Three men and three women vying for the Booker Prize announced on Wednesday

The prestigious British literary prize Booker Prize will be chosen Wednesday, November 3 among six finalists whose novels evoke subjects as diverse as apartheid in South Africa, social networks or the civil war in Sri Lanka.

The six works by Patricia Lockwood, Richard Powers, Maggie Shipstead, Damon Galgut, Anuk Arudpragasam and Nadifa Mohamed were selected from 158 novels published in the United Kingdom or Ireland between October 1, 2020 and September 30, 2021.

Last year, the prize was awarded to the Scotsman Douglas Stuart for his first novel Shuggie Bain, set in a working class family in Glasgow plagued by alcoholism and poverty in the 1980s.

Among the latter, the first American novelist Patricia Lockwood, 39, is in the running for No One is talking About This, which follows the well-regulated life of an American addicted to social networks and somewhat by chance became an influencer. The narrator questions the immediacy and superficiality of the virtual world in which she lives, without succeeding in detaching herself from it.

Patricia Lockwood faces two compatriots: Maggie Shipstead, 38, for Great Circle, which takes readers through the intertwining journeys of a 20th century aviator and a 21st century Hollywood star and Richard Powers, 64, for Bewildermen (published under the title Sidetracks by Actes Sud in France), in which an astrobiologist escapes to fantastic worlds with his son suffering from behavioral disorders. Richard powers is in the Booker Prize final for the second time.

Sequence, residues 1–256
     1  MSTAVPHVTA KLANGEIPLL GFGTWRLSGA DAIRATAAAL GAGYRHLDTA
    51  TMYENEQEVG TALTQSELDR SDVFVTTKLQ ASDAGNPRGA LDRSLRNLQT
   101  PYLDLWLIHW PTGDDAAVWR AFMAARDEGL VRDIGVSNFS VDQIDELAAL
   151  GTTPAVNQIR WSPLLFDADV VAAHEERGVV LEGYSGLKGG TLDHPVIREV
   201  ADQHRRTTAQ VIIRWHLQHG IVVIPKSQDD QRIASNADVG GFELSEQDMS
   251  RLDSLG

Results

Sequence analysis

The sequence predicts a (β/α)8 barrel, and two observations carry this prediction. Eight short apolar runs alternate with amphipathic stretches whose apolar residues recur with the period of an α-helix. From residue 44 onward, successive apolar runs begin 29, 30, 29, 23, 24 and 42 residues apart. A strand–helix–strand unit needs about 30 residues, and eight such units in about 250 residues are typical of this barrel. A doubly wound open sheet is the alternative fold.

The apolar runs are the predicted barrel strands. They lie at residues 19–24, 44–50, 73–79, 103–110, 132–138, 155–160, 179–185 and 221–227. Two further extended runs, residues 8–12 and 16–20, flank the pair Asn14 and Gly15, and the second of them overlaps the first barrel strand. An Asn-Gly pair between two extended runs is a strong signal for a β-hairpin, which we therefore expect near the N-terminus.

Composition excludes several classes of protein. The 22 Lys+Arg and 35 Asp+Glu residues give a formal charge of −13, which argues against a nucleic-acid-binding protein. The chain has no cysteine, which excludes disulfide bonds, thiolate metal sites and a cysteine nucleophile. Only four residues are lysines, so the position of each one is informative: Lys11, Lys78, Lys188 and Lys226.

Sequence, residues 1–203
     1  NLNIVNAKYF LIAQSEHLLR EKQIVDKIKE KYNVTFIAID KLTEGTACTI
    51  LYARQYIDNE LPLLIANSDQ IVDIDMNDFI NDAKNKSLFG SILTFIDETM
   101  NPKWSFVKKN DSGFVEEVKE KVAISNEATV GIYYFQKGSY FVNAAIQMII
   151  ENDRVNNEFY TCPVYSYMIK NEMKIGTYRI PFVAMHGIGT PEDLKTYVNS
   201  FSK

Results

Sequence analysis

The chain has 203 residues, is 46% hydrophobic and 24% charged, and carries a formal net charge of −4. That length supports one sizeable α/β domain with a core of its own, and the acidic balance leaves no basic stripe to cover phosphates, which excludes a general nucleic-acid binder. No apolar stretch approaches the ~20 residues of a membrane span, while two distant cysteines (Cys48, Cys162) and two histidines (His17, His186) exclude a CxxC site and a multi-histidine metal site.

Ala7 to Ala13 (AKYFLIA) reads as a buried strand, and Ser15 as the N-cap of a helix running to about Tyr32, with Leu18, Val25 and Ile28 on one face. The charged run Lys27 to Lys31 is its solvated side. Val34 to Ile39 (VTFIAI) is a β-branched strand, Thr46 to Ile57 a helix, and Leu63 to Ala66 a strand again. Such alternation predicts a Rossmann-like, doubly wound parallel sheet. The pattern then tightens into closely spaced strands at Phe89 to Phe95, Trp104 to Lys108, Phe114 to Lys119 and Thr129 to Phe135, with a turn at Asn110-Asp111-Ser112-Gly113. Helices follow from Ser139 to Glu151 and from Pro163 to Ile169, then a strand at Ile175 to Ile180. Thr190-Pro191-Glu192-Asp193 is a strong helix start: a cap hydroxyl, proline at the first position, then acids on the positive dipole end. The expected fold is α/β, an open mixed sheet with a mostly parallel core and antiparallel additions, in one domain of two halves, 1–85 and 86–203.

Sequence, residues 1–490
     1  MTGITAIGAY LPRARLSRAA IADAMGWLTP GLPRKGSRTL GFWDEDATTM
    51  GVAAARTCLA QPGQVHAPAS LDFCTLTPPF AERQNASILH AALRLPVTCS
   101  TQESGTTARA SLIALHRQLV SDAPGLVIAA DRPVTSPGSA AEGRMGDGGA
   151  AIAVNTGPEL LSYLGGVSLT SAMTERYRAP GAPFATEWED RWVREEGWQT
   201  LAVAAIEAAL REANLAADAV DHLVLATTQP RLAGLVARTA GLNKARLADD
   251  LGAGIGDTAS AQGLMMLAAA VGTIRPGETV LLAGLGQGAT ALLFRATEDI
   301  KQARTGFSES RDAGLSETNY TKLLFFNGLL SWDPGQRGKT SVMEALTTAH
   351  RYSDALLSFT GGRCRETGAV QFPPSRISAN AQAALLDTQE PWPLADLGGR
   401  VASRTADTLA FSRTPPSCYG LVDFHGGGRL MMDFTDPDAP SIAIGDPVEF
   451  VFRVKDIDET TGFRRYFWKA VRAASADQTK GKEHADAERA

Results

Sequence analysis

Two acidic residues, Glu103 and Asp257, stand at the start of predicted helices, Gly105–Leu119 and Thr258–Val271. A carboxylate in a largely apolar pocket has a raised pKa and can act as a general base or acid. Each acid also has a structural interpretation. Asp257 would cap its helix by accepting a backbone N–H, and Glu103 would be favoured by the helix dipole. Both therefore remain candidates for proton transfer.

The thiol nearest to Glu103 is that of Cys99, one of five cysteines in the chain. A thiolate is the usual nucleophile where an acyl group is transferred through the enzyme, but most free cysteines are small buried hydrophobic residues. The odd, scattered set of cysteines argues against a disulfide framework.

Among the favorites is South African novelist and playwright Damon Galgut, 57, who is in the final for the third time. Covering the period from the end of apartheid until the presidency of Jacob Zuma, his book, The Promise, traces the gradual dislocation of a white family in Pretoria as the country emerges towards democracy. The New Yorker called him “remarkable”, while South Africa’s Sunday Times ruled “amazing how much history Galgut manages to put into this short novel”.

The other finalists are the Sri Lankan writer Anuk Arudpragasam, 33, with A passage North, which evokes trauma and memories of the civil war in Sri Lanka and British-Somali woman Nadifa Mohamed, 40, for The Fortune Men, based on the true story of a Somali man wrongfully convicted and executed for the murder of a woman in Cardiff harbor in Wales in 1952.

The winner’s name will be announced at an event in London broadcast on the BBC on Wednesday evening. It will bring together all the finalists in person, after video conference appearances in the previous edition, due to restrictions linked to the coronavirus pandemic.

With this prize, a reward of 55,000 euros and the assurance of an international reputation synonymous with success in bookstores.

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Three men and three women vying for the Booker Prize announced on Wednesday